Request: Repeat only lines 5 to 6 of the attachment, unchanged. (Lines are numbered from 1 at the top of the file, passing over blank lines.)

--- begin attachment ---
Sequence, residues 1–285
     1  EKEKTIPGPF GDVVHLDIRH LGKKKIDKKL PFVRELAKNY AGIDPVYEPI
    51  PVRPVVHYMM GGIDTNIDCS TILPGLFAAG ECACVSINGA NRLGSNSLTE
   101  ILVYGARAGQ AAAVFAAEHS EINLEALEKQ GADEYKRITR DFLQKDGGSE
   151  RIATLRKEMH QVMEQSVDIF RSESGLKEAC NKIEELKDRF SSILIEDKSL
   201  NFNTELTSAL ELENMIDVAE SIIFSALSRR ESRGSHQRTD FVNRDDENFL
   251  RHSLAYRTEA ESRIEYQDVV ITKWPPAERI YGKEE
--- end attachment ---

   151  RIATLRKEMH QVMEQSVDIF RSESGLKEAC NKIEELKDRF SSILIEDKSL
   201  NFNTELTSAL ELENMIDVAE SIIFSALSRR ESRGSHQRTD FVNRDDENFL